Running along the bike path near our house on the way home from an ice cream outing, Liddy jumps into the air over and over again, determined to reach heights high enough to grasp a leaf off a branch. Finally, finally, she gets one.
“Feels so good getting what I want,” she whispers fiercely to herself, repackaging and redefining Iggy Azalea’s omnipresent “Fancy” lyrics into something suited to the mindset of an eight-year-old.
Liddy holds onto the leaf all the way home, pleased not only with her success but with the precise shade of green the leaf holds, the smell and “crispiness” of it.
“You have to feel this, Mommy,” she says, holding the crumpled leaf out to me like a gift. “Smell it.”
At not-quite nine, there is still, for Liddy, such pleasure to be taken from ordinary things. She begs me to buy her a glittery ring as a memento when we are on vacation and I realize, following her eyes, that it is actually the tiny cardboard gift box it comes in that she’s after.
At home I offer her another jewelry box, inky blue and felt-covered. She examines it, opening and closing the hinged lid, and then asks breathlessly, “Can I just have this?” and slips out the spongey cushion inside. She runs with it to her bedroom and adds it to one of her collections of tiny, valueless (to the adult eye) treasures.
On Liddy’s bedroom floor is a large poster board—a work-in-progress she calls Crafts No One Would Think Of. She peels the outside frame from a sheet of stickers, leaving the stickers themselves behind, and uses the frame as a stencil to trace indiscernible shapes on the poster board, coloring them in with a bright pencils. Over the shapes, she tapes a curtain of fringe made from salvaged beige packing material.
“A rainbow! A rainbow!” she shrieks from the backseat of the car one day. I look in the rearview mirror and see that she is looking not at the sky but in her hand, where she is trying to catch hold of a shimmer of colors reflecting off the metal seatbelt.
Decades ago, just after graduating from college (and long before marriage and kids), my now-husband John and I served as VISTA volunteers in Austin, Texas. John worked with Tibetan refugees, and his organization’s big annual fundraising event culminated with the building of a Sand Mandala, a dramatic, traditional work of art created painstakingly by monks over several days’ time.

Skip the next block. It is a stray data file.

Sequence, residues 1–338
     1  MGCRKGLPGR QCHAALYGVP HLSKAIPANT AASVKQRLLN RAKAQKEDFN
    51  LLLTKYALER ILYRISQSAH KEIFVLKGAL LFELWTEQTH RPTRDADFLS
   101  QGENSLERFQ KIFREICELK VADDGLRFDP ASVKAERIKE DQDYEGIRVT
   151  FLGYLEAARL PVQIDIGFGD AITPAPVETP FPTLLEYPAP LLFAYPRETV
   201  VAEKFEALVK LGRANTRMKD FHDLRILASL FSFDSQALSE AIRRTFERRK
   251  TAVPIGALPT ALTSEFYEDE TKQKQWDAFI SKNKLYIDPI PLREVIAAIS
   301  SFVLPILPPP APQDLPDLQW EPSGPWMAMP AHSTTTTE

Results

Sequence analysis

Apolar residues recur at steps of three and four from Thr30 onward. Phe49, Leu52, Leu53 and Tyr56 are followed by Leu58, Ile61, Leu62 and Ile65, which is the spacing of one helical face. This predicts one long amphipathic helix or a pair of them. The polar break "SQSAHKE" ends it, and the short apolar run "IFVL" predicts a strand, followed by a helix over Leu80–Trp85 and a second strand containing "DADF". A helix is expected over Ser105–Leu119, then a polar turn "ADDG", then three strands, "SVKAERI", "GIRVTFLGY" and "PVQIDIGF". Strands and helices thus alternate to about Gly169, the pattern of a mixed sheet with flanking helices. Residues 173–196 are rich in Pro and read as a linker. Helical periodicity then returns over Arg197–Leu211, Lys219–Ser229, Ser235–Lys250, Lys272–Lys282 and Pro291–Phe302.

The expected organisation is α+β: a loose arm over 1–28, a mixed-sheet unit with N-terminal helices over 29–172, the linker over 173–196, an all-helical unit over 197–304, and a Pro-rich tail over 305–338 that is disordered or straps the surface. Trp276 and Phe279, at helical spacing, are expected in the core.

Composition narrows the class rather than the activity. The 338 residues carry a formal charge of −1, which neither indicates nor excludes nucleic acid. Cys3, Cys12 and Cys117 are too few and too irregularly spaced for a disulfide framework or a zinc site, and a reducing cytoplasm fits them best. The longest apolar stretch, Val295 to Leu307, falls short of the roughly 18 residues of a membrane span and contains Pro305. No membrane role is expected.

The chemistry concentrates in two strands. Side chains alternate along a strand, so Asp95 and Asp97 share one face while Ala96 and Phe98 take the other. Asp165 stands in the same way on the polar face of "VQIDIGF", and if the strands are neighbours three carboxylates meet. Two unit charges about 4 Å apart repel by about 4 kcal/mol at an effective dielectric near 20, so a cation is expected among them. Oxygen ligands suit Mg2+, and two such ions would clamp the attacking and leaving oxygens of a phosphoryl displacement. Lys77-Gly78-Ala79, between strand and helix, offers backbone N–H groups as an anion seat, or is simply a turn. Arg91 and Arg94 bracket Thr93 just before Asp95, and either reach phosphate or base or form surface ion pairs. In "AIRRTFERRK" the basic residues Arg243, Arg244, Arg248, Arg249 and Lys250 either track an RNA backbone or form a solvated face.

John was there when a group of young school kids came through to watch the monks building their masterpiece grain by colorful grain. The kids’ attention held for all of a few minutes before they began wandering the building in search of something more interesting. A few of them approached the organization’s information table with its pamphlets and newsletters.
“Free business cards?” one of the girls exclaimed, incredulous. The message was repeated across the group of kids and there was a rush on the table.
For years, the expression “free business cards” represented, for us, our nieces’ and nephews’—or really, anyone’s—inexplicable interest in the otherwise mundane things of the world. It was a funny anecdote then. Now, the chance to experience moments like it is something I savor.
I know—because I also have a ten-year-old—that Liddy’s admiration for small, ordinary things will evaporate without notice someday soon, and will be replaced by a desire for things like Beats headphones or her own bathroom. But for the moment, at least, it is alive and in full force.
Lately, Liddy has been collecting rocks. Not dramatic, surf-worn stones from the coast, but ordinary silt-colored rocks plucked from driveways and the crevices of our neighborhood’s concrete sidewalks.
She rinses them in the sink and polishes them with a paper towel, then arranges them by color on surfaces all over the house.
“I think I’m going to have a rock sale,” she announces one morning, studying her finds.
I stifle a laugh and aim for diplomacy. “Okay, so…who are you expecting will want to buy these rocks?”
And then, her eyes go wide with disbelief as she asks the all-important question:
Photo by Megan Dempsey